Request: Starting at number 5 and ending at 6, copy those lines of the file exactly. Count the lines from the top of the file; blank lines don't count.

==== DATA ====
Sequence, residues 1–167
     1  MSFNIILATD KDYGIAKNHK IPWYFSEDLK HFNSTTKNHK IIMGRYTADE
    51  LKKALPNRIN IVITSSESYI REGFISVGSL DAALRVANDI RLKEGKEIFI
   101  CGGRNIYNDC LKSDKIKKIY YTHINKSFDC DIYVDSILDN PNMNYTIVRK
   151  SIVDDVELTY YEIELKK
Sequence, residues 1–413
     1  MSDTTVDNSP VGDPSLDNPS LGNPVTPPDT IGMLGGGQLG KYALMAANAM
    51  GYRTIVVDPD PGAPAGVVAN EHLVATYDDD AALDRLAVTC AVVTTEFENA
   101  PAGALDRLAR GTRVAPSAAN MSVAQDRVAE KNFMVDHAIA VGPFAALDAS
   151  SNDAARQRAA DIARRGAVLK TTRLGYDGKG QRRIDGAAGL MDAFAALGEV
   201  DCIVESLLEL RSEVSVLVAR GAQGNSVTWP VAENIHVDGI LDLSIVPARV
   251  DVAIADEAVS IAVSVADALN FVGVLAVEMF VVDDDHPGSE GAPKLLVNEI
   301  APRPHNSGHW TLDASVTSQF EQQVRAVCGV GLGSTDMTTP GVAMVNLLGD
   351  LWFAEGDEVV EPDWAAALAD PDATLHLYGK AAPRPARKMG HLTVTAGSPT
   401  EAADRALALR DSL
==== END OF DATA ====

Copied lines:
   151  SIVDDVELTY YEIELKK
Sequence, residues 1–413